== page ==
25 May – Memorial for St Bede the Venerable, Priest & Doctor of the Church; Memorial for St Gregory VII, Pope; Memorial for St Mary Magdalene de’ Pazzi, Virgin
Bede (672-735) was born around the time England was finally completely Christianized. He was raised from age seven in the abbey of Sts. Peter and Paul at Wearmouth-Jarrow, and lived there the rest of his life. He was a Benedictine monk, and the spiritual student of the founder, St. Benedict Biscop. He was ordained in 702 by St. John of Beverley. He was a teacher and author; he wrote about history, rhetoric, mathematics, music, astronomy, poetry, grammar, philosophy, hagiography, homiletics, and Bible commentary.
He was known as the most learned man of his day, and his writings started the idea of dating this era from the incarnation of Christ. The central theme of Bede’s Historia Ecclesiastica is of the Church using the power of its spiritual, doctrinal, and cultural unity to stamp out violence and barbarism. Our knowledge of England before the 8th century is mainly the result of Bede’s writing. He was declared a Doctor of the Church on 13 November 1899 by Pope Leo XIII.
– Patron Saint Index
Gregory (1020-1085) was educated in Rome, Italy. He was a Benedictine monk, and chaplain to Pope Gregory VI. He was in charge of the Patrimony of St. Peter. He was a reformer and an excellent administrator. He was chosen the 152nd pope, but he declined the crown. He was chief counsellor to Pope Victor II, Pope Stephen IX, Pope Benedict X, and Pope Nicholas II. He eventually became the 157th pope.
At the time of his ascension, simony and a corrupt clergy threatened to destroy faith in the Church. Gregory took the throne as a reformer, and Emperor Henry IV promised to support him. Gregory suspended all clerics who had purchased their position, and ordered the return of all purchased church property.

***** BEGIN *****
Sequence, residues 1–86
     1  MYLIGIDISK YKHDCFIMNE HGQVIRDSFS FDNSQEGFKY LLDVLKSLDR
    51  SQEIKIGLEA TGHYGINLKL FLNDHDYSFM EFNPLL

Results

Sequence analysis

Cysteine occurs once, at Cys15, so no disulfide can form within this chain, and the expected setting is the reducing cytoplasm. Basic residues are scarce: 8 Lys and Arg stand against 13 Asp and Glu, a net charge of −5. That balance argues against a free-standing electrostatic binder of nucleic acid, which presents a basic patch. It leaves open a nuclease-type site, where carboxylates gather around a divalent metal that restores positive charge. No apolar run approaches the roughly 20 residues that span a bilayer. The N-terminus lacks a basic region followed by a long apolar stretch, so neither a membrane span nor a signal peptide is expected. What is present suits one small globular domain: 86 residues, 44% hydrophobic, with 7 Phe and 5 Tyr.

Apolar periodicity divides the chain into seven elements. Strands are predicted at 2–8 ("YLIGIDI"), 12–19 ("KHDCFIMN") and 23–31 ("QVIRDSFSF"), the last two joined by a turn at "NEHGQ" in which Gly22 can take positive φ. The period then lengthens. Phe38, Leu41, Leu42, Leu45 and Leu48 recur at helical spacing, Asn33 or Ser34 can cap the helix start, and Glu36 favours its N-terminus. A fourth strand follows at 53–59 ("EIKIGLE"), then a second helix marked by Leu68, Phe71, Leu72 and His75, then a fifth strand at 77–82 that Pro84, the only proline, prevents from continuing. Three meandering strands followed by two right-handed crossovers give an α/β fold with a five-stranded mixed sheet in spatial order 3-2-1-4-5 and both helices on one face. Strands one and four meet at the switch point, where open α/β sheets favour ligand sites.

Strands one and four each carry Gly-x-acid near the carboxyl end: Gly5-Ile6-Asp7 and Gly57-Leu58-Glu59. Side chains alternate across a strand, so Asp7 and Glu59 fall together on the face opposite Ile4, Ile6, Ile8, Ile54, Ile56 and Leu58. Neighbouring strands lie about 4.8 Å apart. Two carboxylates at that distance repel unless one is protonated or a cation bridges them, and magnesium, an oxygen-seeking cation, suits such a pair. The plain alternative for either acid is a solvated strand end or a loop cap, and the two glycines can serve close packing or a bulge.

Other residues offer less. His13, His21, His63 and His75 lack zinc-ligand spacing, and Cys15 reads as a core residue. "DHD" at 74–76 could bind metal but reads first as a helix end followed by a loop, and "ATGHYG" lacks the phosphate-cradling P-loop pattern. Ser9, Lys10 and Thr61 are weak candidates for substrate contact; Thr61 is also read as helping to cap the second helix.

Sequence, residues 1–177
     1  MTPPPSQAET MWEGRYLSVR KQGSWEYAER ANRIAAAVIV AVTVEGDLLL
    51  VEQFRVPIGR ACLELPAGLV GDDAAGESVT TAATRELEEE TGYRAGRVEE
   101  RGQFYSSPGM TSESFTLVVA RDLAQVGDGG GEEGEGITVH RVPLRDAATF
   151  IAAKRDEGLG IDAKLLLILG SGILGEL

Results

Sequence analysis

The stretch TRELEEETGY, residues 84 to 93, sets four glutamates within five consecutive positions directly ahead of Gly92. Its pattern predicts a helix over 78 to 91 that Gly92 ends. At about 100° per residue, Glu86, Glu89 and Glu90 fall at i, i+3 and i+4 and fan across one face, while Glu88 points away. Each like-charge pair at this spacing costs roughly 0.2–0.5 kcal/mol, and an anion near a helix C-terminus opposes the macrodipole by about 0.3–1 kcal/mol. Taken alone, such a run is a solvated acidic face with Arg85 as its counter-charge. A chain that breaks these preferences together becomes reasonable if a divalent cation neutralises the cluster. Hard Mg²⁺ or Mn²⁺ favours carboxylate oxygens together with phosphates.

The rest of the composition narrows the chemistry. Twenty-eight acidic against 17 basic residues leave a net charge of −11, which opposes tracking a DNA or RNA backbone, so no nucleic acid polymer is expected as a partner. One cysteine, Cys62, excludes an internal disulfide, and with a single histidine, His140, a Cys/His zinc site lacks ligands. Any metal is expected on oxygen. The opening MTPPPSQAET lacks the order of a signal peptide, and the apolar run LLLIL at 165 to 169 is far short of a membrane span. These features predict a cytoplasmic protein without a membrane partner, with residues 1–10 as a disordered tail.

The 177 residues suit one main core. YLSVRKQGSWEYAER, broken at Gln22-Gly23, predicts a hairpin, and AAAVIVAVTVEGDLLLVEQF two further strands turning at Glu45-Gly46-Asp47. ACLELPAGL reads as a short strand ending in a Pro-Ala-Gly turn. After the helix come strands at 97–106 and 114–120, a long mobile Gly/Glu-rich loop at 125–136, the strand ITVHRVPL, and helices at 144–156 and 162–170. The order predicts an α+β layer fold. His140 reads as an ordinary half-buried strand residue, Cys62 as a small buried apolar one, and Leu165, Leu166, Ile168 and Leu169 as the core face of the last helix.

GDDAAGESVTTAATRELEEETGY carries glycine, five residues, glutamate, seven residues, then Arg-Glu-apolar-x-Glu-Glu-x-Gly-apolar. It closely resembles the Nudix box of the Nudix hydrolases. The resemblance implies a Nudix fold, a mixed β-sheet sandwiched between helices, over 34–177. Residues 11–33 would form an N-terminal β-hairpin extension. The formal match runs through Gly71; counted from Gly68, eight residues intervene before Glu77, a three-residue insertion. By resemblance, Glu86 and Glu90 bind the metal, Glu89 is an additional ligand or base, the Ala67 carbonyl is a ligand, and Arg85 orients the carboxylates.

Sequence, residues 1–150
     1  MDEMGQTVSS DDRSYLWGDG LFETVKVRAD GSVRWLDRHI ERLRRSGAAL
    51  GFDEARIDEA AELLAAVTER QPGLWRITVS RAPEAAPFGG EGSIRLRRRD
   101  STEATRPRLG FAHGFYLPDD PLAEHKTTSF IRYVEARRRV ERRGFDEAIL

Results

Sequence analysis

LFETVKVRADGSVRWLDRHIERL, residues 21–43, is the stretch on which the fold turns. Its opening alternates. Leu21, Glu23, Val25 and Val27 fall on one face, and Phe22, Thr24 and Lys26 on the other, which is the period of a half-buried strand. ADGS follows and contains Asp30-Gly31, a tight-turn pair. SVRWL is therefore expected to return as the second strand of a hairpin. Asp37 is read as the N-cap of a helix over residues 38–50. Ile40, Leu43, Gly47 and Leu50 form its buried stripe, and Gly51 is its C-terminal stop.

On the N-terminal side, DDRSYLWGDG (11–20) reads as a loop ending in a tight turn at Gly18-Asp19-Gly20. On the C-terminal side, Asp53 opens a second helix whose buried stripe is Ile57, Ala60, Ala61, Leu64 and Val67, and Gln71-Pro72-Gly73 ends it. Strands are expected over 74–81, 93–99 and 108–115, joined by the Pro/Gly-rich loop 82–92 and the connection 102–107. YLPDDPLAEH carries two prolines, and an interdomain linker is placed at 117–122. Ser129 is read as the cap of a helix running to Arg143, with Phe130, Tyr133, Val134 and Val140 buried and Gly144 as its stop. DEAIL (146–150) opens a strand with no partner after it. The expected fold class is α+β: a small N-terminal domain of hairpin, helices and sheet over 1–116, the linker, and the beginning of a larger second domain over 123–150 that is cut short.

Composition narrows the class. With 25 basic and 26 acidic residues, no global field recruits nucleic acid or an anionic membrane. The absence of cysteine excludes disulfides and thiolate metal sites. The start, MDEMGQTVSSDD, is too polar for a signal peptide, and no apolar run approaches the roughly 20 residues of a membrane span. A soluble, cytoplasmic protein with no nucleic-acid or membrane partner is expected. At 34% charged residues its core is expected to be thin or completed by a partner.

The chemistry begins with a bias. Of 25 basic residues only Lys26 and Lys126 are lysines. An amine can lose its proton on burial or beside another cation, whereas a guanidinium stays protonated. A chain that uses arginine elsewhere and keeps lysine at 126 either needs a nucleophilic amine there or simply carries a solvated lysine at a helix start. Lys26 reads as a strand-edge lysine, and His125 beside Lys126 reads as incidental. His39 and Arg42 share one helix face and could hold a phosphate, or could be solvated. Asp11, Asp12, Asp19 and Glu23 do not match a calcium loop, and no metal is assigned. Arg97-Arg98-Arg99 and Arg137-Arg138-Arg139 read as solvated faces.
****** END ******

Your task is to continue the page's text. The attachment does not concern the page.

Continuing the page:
The corrupt clergy rebelled; Henry IV broke his promise, and promoted the rebels. Gregory responded by excommunicating anyone involved in lay investiture. He summoned Henry to Rome, but the emperor’s supporters drove Gregory into exile. Henry installed the anti-pope Guibert of Ravenna, who was driven from Rome by Normans who supported Gregory; the Normans were, themselves, so out of control that the people of Rome drove them out. Gregory then retreated to Salerno, Italy, where he spent the remainder of his papacy.
– Patron Saint Index
Catherine (1566-1607) had a religious upbringing. She was initially sent to a convent at the age of 14, but was taken back home by her family who opposed her religious vocation and wanted her to marry well. They eventually gave in, and Catherine became a Carmelite of the Ancient Observance at 16, taking the name Sister Mary Magdalene. She as a mystic, and led a hidden life of prayer and self-denial, praying particularly for the renewal of the Church and encouraging the sisters in holiness. Her life was marked by many extraordinary graces.
– Patron Saint Index
Acts of the Apostles 15:1-6
Some men came down from Judaea and taught the brothers, ‘Unless you have yourselves circumcised in the tradition of Moses you cannot be saved.’ This led to disagreement, and after Paul and Barnabas had had a long argument with these men it was arranged that Paul and Barnabas and others of the church should go up to Jerusalem and discuss the problem with the apostles and elders.
All the members of the church saw them off, and as they passed through Phoenicia and Samaria they told how the pagans had been converted, and this news was received with the greatest satisfaction by the brothers. When they arrived in Jerusalem they were welcomed by the church and by the apostles and elders, and gave an account of all that God had done with them.
But certain members of the Pharisees’ party who had become believers objected, insisting that the pagans should be circumcised and instructed to keep the Law of Moses. The apostles and elders met to look into the matter.
‘I am the true vine,
and my Father is the vinedresser.
Every branch in me that bears no fruit